You may expect this uncertainty to be reflected in higher Gilt yields, but yields on two year gilts are below where they were immediately post-Brexit.

This dynamic has also been partially reflected at the long end of the curve of late, where UK long dated Gilts yields have fallen while US, Japanese, and German counterparts have been flat. The market does not believe the UK will be increasing rates any time soon and it is this assessment which has driven Gilt yields rather than factually strong recent data (or indeed that the possibility of a weaker Sterling associated with Brexit could prompt shorter term inflation).

So, how can we think about Article 50 and Brexit? Part 3: UK stocks

The deep skepticism about recent strength in data because of Brexit’s shadow is also evident in UK stocks. Equity markets have recently delivered strong returns (again showing that even if you forecast events correctly, the price response may be something else entirely) but unlike the US and other parts of the world this has not been the result of a re-rating.

Profits have grown faster than prices, meaning that many sectors have actually got “cheaper” while going up. The extent of this will be driven by the rebound in commodity prices and Sterling declines, but the table below shows that even for the more domestically focused FTSE All Share the trend is relatively broad-based.

Despite all the gloom about the prospects for the UK economy, listed UK corporates have recently delivered the strongest year on year profits growth since the recovery from the financial crisis in 2010. That many areas of the market have de-rated in the environment is not unusual in recoveries from earnings shocks but is also indicative of how views on Brexit impacts are being given more weight than the information we have at hand.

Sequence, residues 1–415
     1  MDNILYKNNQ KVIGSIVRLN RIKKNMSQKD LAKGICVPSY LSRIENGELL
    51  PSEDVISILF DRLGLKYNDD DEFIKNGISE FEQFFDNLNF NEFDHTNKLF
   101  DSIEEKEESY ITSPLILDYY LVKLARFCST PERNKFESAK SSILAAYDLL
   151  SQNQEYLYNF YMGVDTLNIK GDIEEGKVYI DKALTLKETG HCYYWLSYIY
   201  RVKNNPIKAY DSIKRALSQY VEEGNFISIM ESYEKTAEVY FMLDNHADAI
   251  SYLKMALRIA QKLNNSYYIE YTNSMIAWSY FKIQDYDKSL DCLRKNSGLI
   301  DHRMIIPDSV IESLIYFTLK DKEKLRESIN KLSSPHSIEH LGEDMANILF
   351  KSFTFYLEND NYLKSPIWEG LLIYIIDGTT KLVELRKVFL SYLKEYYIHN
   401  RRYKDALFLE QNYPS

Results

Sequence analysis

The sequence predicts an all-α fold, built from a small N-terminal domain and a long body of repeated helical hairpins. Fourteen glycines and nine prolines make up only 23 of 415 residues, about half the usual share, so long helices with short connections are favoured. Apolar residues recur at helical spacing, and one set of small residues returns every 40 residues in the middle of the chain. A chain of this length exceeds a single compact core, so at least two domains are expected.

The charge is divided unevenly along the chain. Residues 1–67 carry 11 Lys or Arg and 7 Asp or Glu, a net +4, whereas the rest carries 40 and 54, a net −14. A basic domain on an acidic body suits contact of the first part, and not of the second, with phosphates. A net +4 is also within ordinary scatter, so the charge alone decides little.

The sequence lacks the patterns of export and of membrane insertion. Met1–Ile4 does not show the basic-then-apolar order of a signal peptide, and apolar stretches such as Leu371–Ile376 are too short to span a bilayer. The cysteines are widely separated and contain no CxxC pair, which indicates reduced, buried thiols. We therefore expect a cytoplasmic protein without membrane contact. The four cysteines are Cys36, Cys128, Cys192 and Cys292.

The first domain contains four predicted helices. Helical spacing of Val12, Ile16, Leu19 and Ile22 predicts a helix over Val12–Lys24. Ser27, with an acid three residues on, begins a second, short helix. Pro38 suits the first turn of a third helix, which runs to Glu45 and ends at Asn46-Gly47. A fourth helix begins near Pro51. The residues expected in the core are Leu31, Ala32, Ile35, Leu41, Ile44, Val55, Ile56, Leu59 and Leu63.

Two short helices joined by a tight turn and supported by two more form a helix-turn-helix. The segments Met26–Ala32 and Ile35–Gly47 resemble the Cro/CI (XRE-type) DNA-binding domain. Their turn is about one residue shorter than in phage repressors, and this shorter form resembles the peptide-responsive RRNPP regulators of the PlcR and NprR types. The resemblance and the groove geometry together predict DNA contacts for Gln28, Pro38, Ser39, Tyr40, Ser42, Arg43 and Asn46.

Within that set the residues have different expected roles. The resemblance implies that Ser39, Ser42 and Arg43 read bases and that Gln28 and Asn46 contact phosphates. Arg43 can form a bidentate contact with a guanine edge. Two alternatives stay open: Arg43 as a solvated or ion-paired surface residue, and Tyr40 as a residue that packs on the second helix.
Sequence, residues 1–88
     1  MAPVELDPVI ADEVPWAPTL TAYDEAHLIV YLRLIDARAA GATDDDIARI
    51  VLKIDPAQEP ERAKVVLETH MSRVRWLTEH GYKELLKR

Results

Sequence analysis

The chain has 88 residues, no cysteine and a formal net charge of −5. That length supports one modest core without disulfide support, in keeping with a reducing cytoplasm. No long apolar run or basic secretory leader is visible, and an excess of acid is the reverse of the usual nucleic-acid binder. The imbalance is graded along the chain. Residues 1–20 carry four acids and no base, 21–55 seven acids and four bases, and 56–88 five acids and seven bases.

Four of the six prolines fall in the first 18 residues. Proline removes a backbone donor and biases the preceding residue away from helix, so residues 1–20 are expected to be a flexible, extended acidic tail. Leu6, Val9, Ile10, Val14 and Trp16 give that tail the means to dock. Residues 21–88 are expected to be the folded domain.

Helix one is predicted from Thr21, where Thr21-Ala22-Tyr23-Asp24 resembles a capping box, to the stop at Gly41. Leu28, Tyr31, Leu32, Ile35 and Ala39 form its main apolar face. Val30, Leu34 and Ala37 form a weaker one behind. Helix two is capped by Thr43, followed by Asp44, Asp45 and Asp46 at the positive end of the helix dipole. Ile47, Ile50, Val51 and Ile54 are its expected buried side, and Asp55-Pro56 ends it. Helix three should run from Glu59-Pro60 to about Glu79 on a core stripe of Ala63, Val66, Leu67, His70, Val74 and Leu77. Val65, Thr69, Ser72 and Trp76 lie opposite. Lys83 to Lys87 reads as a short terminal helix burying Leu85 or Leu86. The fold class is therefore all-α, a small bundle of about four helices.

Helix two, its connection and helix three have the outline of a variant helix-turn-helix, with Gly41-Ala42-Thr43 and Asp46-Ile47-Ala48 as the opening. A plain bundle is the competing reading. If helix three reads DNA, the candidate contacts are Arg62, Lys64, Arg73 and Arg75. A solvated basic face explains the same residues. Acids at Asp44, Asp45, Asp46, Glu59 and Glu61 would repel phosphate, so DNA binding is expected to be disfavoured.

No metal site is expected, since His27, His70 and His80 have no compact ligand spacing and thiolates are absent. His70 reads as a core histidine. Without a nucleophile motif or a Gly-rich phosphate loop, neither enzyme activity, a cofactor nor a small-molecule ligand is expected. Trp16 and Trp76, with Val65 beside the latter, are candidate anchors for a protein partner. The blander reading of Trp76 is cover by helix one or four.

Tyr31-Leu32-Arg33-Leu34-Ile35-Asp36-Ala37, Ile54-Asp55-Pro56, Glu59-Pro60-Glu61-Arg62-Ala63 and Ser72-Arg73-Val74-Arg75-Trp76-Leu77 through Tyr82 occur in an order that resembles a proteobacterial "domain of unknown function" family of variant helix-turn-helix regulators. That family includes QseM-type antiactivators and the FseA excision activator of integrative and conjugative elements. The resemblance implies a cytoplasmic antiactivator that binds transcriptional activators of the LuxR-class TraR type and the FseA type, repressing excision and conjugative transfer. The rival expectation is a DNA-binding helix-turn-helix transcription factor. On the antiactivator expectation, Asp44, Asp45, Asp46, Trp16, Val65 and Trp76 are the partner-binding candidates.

It is hard to believe that anybody knows how Brexit negotiations will resolve themselves, or how the world will look when they finally do. Rather than construct our own ‘outlook’ to compete in the game of forecasts, the more useful observation from an investor’s standpoint is to identify the scope for surprise.  Both economic forecasts and asset prices imply a more gloomy view about the UK than was initially the case even immediately after the vote, despite a factual improvement in fundamentals. This should be encouraging for investors; when markets suggest more weight is being given to forecast than facts it often means the scope for surprise is higher than normal.

However, the impact of Brexit will be very real. Suggesting the environment will resemble the facts as they stand today is just as much of a “forecast” as a pessimistic view on these impacts. Investors need to assess the sentiment of markets and whether, given the range of possible outcomes, asset pricing suggests such a degree of pessimism that they will be well rewarded if outcomes are less bad than expected, or even positive. In our view there are signs of this pessimism, but it is not extreme. We need to expect that attention on Brexit will wax and wane in the coming years and be prepared to respond as it does rather than getting caught up in the noise.

The value of investments will fluctuate, which will cause prices to fall as well as rise and you may not get back the original amount you invested. Past performance is not a guide to future performance.